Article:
The three sculpted portals of the west façade were put in place by Abbot Suger, around 1135-1140. The south portal shows the last communion of St. Dionysius, the patron saint of the abbey church, and his two companions, Rusticus and Eleutherius. The interior band of voussoirs shows further instances from the life of St. Dionysius, while the exterior shows angels with liturgical instruments. The jamb figures are all missing. The doorposts are carved with the labors of the month.
The north portal was completely redone in the nineteenth century, and shows St. Dionysius' martyrdom. The voussoirs show Old Testament figures; Moses and Aaron in particular can be discerned on the outer band. The signs of the zodiac are carved on the doorposts. We know from Suger's writings, however, that this portal would originally have been a mosaic, an unusual addition to a French church at the time, and one of which Suger was quite proud. It was most likely a scene showing the Coronation of the Virgin, perhaps after the Italian example in Montecassino that he had seen on his travels.
The central portal, also heavily redone since Suger's time, shows a typical Last Judgment, drawing from the Romanesque tradition. A large Christ in Majesty occupies the center of the tympanum, displaying the stigmata and unfurling scrolls in either hand. The lowest register of the tympanum shows the dead rising from their graves, while above the apostles sit to either side of Christ and converse actively. Above Christ are four angels holding the instruments of the passion. The voussoirs continue the story, with the inner band showing the saved souls in Heaven to Christ's right, and the torturing of damned souls in Hell to his left. The outer three bands of voussoirs depict the elders of the Apocalypse, seated with musical instruments. The wise and foolish virgins are carved on the doorposts.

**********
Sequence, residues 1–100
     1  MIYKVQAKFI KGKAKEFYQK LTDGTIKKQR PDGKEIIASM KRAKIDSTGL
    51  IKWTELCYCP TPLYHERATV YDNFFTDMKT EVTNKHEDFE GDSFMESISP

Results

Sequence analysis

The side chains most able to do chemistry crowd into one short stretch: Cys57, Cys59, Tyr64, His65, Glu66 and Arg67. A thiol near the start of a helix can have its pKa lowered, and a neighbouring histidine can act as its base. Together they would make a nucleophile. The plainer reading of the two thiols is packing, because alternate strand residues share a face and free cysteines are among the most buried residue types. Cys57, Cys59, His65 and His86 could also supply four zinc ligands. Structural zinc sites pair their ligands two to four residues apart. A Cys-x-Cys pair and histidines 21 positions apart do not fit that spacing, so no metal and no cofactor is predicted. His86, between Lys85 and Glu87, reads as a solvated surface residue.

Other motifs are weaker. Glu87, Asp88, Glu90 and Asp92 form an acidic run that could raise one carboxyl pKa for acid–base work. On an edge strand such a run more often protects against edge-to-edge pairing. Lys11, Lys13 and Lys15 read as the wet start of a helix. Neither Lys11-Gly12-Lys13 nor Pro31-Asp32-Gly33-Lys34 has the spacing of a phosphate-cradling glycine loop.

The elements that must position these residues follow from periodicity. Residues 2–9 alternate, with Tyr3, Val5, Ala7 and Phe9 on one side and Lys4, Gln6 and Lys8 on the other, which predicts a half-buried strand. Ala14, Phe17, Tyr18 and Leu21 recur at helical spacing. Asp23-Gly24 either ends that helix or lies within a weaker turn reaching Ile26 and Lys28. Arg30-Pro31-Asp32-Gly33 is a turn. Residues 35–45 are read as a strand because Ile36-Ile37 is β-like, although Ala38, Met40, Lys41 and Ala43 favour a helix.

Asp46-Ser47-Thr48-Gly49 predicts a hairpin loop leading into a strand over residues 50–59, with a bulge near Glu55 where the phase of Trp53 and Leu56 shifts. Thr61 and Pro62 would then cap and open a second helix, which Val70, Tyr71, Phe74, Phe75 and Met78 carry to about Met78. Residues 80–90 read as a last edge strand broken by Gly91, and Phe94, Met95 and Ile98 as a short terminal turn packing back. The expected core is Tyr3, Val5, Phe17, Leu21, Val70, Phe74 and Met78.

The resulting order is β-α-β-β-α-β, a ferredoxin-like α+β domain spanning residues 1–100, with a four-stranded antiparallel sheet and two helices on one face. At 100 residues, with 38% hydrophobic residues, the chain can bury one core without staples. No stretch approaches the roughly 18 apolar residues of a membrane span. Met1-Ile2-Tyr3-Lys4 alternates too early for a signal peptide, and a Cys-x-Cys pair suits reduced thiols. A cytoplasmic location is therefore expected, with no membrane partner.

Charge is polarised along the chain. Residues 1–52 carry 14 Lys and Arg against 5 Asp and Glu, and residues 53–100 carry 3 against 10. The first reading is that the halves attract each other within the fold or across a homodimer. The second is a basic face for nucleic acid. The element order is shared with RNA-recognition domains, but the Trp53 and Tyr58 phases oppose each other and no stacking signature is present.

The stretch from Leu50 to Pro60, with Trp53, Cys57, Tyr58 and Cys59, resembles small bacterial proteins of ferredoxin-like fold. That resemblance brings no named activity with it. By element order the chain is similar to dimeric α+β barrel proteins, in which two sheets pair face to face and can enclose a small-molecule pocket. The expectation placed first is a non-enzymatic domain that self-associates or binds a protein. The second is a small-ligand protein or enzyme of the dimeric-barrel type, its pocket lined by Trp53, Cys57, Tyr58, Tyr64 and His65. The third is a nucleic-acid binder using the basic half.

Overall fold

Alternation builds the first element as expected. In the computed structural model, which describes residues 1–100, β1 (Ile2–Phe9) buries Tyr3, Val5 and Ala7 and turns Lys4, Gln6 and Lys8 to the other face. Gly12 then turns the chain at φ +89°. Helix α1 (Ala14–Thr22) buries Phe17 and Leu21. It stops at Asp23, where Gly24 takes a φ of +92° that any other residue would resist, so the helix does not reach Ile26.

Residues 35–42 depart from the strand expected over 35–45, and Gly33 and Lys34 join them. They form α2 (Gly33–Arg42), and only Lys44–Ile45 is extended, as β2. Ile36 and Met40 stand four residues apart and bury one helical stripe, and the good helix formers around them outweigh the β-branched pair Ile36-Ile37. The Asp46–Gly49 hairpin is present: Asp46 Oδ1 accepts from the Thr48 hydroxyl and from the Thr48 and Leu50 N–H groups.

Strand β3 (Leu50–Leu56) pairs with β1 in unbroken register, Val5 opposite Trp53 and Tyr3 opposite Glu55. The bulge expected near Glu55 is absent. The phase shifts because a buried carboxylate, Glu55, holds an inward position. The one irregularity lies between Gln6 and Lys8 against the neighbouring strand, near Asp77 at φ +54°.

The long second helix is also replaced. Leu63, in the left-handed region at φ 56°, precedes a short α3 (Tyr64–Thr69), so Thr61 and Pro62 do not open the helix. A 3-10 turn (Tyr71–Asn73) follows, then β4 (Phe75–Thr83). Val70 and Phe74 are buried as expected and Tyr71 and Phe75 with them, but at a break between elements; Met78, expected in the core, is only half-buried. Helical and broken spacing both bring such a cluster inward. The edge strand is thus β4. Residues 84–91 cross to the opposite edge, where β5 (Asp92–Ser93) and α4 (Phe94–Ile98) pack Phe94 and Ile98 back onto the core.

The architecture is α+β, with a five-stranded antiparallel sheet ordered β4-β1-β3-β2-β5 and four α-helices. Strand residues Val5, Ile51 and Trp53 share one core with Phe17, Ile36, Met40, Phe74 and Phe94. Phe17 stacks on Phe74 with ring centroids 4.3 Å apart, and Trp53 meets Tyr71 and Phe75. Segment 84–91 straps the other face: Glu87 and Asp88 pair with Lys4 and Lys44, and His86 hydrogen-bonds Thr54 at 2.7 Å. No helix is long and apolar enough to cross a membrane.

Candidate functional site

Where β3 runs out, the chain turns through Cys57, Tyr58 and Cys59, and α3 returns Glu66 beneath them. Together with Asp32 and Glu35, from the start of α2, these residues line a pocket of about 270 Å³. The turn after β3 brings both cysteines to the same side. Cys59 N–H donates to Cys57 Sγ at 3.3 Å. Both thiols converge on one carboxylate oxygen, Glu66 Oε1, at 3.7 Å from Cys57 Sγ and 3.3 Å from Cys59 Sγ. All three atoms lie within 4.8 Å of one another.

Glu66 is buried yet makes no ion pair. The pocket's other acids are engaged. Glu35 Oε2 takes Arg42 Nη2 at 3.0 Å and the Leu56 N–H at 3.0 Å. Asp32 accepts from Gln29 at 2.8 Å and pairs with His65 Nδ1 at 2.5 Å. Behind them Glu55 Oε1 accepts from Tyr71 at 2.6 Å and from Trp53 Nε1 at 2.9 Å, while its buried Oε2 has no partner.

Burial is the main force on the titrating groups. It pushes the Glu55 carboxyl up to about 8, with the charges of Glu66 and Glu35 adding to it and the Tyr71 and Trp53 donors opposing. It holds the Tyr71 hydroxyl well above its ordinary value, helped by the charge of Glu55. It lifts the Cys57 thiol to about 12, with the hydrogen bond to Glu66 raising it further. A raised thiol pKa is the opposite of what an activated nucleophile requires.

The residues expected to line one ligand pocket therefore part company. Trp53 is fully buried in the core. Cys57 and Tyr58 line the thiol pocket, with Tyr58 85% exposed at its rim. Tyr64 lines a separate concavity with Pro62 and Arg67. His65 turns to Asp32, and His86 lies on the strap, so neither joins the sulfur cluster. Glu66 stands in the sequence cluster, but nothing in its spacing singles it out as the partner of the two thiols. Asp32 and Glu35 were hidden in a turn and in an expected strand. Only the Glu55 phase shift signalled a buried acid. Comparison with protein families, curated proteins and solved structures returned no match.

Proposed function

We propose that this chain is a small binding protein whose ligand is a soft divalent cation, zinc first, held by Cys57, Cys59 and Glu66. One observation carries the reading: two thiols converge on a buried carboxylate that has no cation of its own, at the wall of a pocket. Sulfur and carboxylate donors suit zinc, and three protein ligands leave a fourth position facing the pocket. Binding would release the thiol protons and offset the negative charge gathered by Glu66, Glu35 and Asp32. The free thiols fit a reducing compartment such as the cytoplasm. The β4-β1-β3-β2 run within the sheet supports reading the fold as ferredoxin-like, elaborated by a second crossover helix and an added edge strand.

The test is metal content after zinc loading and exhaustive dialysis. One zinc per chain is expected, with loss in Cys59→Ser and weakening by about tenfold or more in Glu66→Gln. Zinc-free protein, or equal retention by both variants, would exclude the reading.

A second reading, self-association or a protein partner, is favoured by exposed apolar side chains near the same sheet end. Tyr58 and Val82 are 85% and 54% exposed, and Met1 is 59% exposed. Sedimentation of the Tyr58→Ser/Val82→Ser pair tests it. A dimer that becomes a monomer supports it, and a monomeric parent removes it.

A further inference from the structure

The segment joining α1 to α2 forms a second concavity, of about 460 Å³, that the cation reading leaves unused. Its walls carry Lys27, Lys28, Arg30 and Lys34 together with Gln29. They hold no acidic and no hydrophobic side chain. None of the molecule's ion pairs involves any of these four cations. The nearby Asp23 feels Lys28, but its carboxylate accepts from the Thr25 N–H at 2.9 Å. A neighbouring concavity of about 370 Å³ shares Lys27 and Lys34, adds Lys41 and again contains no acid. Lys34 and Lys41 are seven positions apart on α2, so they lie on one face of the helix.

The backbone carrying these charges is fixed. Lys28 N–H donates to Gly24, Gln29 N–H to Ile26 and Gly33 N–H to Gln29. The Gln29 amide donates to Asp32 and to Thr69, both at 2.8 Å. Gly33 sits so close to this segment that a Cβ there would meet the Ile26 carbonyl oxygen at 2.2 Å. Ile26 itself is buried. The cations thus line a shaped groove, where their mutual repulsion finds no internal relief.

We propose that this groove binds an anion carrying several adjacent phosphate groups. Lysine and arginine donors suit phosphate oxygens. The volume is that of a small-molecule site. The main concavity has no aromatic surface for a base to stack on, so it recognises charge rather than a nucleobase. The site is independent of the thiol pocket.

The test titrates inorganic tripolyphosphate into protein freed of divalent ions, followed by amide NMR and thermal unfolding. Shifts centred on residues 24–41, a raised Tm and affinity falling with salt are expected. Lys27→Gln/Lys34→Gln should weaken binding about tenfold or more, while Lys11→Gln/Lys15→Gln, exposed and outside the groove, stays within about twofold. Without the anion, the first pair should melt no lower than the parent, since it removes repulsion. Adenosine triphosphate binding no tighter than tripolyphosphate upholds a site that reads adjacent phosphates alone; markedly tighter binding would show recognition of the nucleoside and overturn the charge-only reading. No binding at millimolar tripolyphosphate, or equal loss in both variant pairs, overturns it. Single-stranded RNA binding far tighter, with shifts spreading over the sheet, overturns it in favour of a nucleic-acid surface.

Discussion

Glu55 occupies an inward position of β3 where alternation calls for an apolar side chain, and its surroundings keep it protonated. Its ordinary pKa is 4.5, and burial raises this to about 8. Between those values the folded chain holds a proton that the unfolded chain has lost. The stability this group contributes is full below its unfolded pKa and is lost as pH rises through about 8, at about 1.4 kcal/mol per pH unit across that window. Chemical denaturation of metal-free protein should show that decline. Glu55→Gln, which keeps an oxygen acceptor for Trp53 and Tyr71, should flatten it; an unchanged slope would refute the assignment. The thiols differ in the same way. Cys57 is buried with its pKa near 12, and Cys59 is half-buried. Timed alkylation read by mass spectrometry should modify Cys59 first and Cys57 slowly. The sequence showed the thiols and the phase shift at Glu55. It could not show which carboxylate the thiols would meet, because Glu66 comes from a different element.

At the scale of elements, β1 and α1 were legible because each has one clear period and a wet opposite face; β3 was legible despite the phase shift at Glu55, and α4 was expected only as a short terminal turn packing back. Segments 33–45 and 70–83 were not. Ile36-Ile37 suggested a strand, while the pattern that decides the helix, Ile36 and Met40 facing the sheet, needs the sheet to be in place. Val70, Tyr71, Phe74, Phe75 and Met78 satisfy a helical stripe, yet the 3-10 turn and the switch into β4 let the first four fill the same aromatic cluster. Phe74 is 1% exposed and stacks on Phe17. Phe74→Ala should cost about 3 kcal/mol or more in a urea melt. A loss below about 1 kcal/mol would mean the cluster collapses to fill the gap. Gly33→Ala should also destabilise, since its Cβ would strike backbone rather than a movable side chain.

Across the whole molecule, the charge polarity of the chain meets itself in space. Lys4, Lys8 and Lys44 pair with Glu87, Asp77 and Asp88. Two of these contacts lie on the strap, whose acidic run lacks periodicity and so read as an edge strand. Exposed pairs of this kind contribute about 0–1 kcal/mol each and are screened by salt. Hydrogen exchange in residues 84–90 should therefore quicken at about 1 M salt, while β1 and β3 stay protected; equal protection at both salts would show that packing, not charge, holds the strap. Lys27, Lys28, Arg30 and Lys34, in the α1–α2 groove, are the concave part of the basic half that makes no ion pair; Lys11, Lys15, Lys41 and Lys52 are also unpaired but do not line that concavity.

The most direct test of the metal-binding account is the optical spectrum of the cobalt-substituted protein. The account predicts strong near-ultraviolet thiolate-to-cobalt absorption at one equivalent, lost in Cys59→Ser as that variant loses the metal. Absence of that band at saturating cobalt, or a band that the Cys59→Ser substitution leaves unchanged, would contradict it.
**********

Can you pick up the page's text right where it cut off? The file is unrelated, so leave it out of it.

All three portals would have original displayed jamb figures of Old Testament kings, queens, and prophets. Suger is widely considered to be the first to use this convention towards the creation of a royal portal, drawing a connection between Regnum and Sacerdotium and celebrating Saint Denis' status as a royal abbey. These figures, which survive in fragments and through drawings, are of an elegant, refined Romanesque style, and were most likely carved by sculptors trained outside of the Ile-de-France, in Burgundy and Languedoc.
Suger's vision at Saint Denis can be considered the earliest conception of a gothic sculptural program, with multiple portals working together to present a unified didactic whole. The pairing of an eschatological motif with a portal to the Virgin and one to local saints was a common trope in sermons of the time, providing multiple paths to salvation at the end of time through the Church and its great figures. We can see a similar layout later on the west façade of Amiens Cathedral, and also earlier at Chartres. Indeed, the intellectual and iconographic unity of Suger's façade would become the standard during the Gothic building boom in northern France.
The north transept portal at Saint Denis, also known as the Porte des Valois, is an achievement of another great era of Gothic sculpture. It also depicts the martyrdom of Saint Dionysius and his two companions, with their imprisonment and last communion in the lintel, and their martyrdom by beheading in the tympanum. The three bands of voussoirs show standing kings. The trumeau is a Virgin and Child, and the jamb figures are, to the left, Old Testament kings, and to the right Old Testament prophets.
While the tympanum has been badly damaged and was partially restored in the nineteenth century, the stylistic link to the workshops at Mantes and Senlis are readily visible, particularly in the soft waves of the drapery folds and the swaying postures of the voussoir figures. Though the portal was probably carved around 1170, it was not put in place until the thirteenth century, and may have originally been intended for the south rather than the north portal.